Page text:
If you use GNOME or Ubuntu, then GNOME Disks is probably what you rely on if you ever need to do any disk management operations, so it’s a relatively important piece of software for GNOME and Ubuntu users. Now if you’re a command line geek, you might handle disk management via command line, and that’s fine, but most users don’t know how to do that. Or if you’re living in the past like Ubuntu and not yet using Wayland, you might prefer GParted (which does not work under Wayland because it requires root permissions, while we intentionally will not allow applications to run as root in Wayland). But for anyone else, you’re probably using GNOME Disks. So it would be good for it to work reliably, and for it to be relatively free of bugs.
I regularly receive new bug reports against GNOME Disks. Sometimes they’re not very well-constructed or based on some misunderstanding of how partitioning works, in which case I’ll close them, but most of them are good and valid. So who fixes bug reports against GNOME Disks? The answer is: nobody! Unless it’s really, really easy — in which case I might allocate five minutes for it — nobody is going to fix the bug that you reported. What a shame!
Who is the maintainer? In this case, it’s me, but I don’t actually know much anything about the application and certainly don’t have time to fix things; I just check Bugzilla to see if anybody has posted a patch, so that contributors’ patches (which are rare) don’t get totally neglected, and make new releases every once in a while, and only because I didn’t want to see such a critical piece of software go completely unmaintained.
If you’re a software developer with an interest in both GNOME and disk management, GNOME Disks would be a great place to help out. A great place to start would be to search through GNOME Bugzilla for issues to work on, and submit patches for them.
Of course, Disks is far from the only unmaintained or undermaintained software in GNOME. Last year, Sébastien set up a wiki page to track unmaintained and undermaintained apps. It has had some success: in that time, GNOME Calculator, Shotwell, Gtranslator, and Geary have all found maintainers and been removed from the list of unmaintained modules. (Geary is still listed as undermaintained, and no doubt it would be nice to have more Geary maintainers, but the current maintainer seems to be quite active, so I would hesitate to list it as undermaintained. Epiphany would love to have a second maintainer as well. No doubt most GNOME apps would.)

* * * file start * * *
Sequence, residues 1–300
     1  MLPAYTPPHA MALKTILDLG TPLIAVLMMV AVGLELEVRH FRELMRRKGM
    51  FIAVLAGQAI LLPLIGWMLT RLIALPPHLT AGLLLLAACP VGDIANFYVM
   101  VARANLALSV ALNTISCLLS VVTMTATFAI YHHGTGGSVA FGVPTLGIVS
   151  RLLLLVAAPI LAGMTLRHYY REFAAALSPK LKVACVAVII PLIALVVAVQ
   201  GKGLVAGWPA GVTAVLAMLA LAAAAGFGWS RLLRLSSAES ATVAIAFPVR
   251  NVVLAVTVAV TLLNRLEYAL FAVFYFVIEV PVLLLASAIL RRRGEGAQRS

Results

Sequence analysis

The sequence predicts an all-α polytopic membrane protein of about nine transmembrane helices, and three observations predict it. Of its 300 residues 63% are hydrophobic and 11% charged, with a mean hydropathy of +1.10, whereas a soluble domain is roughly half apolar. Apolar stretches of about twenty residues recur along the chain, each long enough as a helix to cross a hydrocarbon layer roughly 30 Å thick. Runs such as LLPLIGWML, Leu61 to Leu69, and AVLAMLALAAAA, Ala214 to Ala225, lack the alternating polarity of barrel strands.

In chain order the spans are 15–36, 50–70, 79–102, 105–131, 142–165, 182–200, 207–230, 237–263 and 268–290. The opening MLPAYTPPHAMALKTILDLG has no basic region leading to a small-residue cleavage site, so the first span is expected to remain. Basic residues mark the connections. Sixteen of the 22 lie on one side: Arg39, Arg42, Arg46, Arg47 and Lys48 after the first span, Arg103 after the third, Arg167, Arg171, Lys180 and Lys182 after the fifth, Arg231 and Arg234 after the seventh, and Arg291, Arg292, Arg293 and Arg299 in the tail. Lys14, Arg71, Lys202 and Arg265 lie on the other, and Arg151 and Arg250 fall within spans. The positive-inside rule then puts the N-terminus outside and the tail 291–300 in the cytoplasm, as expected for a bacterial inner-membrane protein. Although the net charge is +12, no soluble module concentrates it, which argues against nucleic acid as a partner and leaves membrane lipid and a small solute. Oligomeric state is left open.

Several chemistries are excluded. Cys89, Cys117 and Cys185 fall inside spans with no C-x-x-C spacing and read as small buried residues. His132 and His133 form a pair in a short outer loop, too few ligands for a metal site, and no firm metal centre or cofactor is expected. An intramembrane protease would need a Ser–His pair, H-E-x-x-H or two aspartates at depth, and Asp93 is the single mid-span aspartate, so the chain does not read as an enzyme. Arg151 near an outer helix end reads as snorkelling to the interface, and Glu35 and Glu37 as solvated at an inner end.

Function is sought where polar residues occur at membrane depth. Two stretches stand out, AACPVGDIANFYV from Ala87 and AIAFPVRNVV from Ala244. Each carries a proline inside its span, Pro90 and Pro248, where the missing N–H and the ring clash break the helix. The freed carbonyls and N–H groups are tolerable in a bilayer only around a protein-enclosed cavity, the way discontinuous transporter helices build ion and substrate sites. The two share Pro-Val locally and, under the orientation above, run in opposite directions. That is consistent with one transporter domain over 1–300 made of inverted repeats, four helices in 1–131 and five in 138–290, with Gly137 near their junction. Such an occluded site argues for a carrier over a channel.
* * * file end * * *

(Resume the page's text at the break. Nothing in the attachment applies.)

But we still have a few apps that are listed as unmaintained:
- Bijiben (GNOME Notes)
- GNOME Disks
No doubt there are more GNOME modules that should be listed. If you know of some, please add them or leave a comment here.
Help would be very much welcome with any of these. In particular, Empathy and Bijiben are both slated to be removed from Fedora beginning with Fedora 27 due to their unacceptable dependencies on an old, insecure version of WebKitGTK+ that is about to be removed from the distribution. Most of the work to port these applications to modern WebKitGTK+ is already done (and, in the case of Empathy, I’ve already committed the port to git), but an active maintainer is required to finish the job and get things to a releasable state. Last I checked, Bijiben also still needed to be ported to GTK+ 3.20. If nobody is interested in helping out, these apps are going to disappear sooner rather than later.
Disks, fortunately, is not going to disappear anytime soon. But the bugs aren’t going to fix themselves.
P.S. This blog is not the right place to complain about no longer allowing applications to run as root. Such applications can and should use Polkit to move privileged operations out of the GUI and into a helper process. This should have been done roughly a decade ago. Such applications might themselves be unmaintained or undermaintained; can you help them out?